Karavansara

East of Constantinople, West of Shanghai


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Karavansara Free Library: 7 books by Sven Hedin

sven hedinThe Karavansara Free Library does Sven Hedin, and it’s quite a feat.
A true explorers’ explorer, Hedin had a colossal output of writings, and he is certainly one of the essential authors when it comes to Central Asia and the Silk Road.
“Geographer, topographer, explorer, photographer, travel writer, and illustrator of his own works”, to quote Wikipedia, Hedin did more than anyone else for the exploration of Central Asia, and his accounts are a collection of sharp scientific observation, anecdotal narrative and adventure.
Sometimes more academical than the works of Rosita Forbes and Emily Hahn, Hedin’s books can sometimes sound a tiny little bit self-celebratory, but really, the man was all over Asia and really went where no man had gone before. Well, no European man at least.
Granted, he sometimes sounds like he was too much in love of his own myth, and certainly being chummy with Hitler (that was a fan of his) did not do any good for his post-war popularity, but in all fairness he soon found out what monsters he was being chummy with, and he did what he could to stop their madness.

“He was a pioneer and pathfinder in the transitional period to a century of specialized research. No other single person illuminated and represented unknown territories more extensively than he.”

The Internet Archive holds a wealth of his books, but here we will only list a few titles, let’s say Sven Hedin’s Essential Bookshelf. Continue reading


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Karavansara Free Library: Six books by Emily Hahn

The Internet Archive is a treasure trove of free ebooks somehow related to Karavansara’s themes and topics.

220px-Emily_HahnWe started the Karavansara Free Library with a few titles from Rosita Forbes, and now we follow up with another woman I find absolutely fascinating: Emily Hahn.
Another traveler, journalist and adventuress, American Emily Hahn was the woman that attended posh parties in Shanghai in the ’30s in the company of a diaper-wearing monkey – a fact that I mentioned in my novel The Ministry of Thunder, and I was criticized for writing rubbish. Ah!

Emily Hahn was also an expert on primates, a walking, breathing scandal, an opium addict (for a while), and a damn fine writer.
In her career as a writer she did comedy, politics, history, science and biography, art and travel memoirs.
When she was arrested by the Japanese after the fall of Hong Kong and was asked how could she have given birth to a child out of wedlock, she replied

I am a bad girl.

The Internet Archive has four books from her huge catalog ready for download…

1941 – The Soong Sisters

1946 – Raffles of Singapore, a Biography

1956 – All About Leonardo da Vinci

1959 – The Tiger House Party: The Last Days Of The Maharajas

hahn… and as a little extra, there’s two more volumes in the Gutenberg Project, Emily Hahn’s first two books.

1930 – Seductio ad Absurdum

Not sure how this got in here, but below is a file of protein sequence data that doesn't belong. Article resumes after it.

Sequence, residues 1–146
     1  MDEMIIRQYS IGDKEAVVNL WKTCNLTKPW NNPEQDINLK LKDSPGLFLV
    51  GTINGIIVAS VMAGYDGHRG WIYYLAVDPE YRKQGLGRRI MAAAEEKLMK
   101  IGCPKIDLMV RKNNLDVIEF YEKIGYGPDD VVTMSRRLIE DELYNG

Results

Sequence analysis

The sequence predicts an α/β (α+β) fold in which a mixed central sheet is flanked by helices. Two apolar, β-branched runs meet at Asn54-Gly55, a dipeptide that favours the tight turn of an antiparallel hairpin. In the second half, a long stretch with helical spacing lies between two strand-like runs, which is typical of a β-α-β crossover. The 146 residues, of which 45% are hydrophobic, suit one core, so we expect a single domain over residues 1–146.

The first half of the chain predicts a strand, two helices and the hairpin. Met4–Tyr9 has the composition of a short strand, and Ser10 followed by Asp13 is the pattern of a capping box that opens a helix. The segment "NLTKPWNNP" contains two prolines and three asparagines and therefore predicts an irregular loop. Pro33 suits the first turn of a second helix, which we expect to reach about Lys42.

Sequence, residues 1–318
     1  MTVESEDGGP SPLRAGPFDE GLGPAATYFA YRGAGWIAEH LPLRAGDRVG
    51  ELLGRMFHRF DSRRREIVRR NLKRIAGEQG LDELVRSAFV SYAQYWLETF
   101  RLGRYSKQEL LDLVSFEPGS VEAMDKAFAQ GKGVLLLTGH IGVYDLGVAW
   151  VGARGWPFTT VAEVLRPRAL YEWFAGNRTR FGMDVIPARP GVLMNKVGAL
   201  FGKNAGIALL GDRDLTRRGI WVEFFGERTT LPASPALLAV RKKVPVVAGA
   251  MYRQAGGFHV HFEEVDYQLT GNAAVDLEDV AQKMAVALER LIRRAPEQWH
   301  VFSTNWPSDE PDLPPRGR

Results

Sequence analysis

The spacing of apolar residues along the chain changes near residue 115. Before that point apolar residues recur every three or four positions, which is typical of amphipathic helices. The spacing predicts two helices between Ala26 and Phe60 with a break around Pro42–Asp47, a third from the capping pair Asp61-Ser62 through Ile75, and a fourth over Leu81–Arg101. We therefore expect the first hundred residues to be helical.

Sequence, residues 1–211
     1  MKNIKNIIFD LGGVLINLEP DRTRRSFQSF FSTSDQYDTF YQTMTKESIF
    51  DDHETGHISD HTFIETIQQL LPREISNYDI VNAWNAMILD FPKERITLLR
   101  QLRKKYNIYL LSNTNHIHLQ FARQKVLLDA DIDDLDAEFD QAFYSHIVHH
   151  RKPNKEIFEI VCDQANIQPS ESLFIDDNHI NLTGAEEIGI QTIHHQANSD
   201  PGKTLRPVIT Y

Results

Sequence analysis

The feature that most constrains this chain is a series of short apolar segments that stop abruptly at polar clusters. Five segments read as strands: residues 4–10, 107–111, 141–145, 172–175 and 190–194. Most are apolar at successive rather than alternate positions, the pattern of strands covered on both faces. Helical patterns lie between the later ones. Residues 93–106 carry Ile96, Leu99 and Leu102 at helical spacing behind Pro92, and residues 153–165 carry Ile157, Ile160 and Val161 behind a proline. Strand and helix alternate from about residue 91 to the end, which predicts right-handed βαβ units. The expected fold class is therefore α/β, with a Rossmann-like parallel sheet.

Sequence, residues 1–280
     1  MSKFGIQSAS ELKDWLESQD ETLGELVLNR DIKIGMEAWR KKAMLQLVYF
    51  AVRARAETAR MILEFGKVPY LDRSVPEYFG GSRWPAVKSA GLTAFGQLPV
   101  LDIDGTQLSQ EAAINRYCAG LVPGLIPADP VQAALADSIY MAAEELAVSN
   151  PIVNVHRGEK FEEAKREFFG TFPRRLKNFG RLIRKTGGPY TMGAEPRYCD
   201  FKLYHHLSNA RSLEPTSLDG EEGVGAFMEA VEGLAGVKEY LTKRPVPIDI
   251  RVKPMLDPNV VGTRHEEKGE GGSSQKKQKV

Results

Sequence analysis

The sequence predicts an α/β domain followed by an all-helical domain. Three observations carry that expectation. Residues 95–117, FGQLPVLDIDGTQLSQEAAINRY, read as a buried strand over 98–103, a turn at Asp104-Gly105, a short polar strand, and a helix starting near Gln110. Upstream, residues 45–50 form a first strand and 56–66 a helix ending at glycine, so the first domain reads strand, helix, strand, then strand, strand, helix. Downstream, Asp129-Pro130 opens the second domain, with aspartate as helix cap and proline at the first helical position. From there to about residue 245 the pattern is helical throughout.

1931 – Beginners Luck

All in all a fair selection, that shows the style, wit, skill and versatility of Hahn’s writing.

More books by Emily Hahn are currently being reprinted by Open Road Media, and are highly recommended.


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Karavansara Free Library: Nine books by Rosita Forbes

I was putting together my latest post, the one about the reading list, and I got back to thinking about Rosita Forbes.
Old-time readers of Karavansara will remember that I did a post about Rosita Forbes in the earliest days of this blog, basically because I am in love with the lady.
To recap: independent and adventurous, Rosita married young, divorced, sold her wedding ring and left for good. She did a gig driving an ambulance during the Great War. Then she embarked in a tour of the world with a friend, gatecrashed the Paris Peace Conference, did a bit of spying for the British, and was a pioneer of documentary cinema. And found a lost city in the Sahara desert.
She met both Hitler and Mussolini, and Gandhi, and wrote about it.
And she also wrote a number of travel books and memoirs.

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And these are the books we are interested in, of course, because they provide us with the opportunity of seeing the world in the first half of the 20th century through the eyes of an adventuress. And an adventuress that could write.
Perfect.
And even better now that (mostly) the Digital Library of India has uploaded a fat stack of Rosita Forbes books on the Internet Archive – so that you can go there and download and read them, and what’s not to love about it?

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So here it is, for the love of adventure, good books and Rosita Forbes, a selection of links1.

1919 – Unconducted Wanderers

1921 – The Secret of the Sahara: Kufara

1921 – Adventure : being a gipsy–some incidents, excitements and impressions of twelve highly – seasoned years

1925 – From Red Sea To Blue Nile, Abyssinian Adventure

1927 – Forbidden Road: Kabul to Samarkand

1939 – India of the Princes

1940 – These men I knew

1944 – Gypsy in the Sun

1946 – Appointment with destiny

Not a bad selection, what?
I hope you enjoy these books – and any comment is welcome, as usual.


  1. and why not start a new series of posts, called Karavansara Free Library – legally free ebooks, a selection curated by yours truly. Might be fun, don’t you think?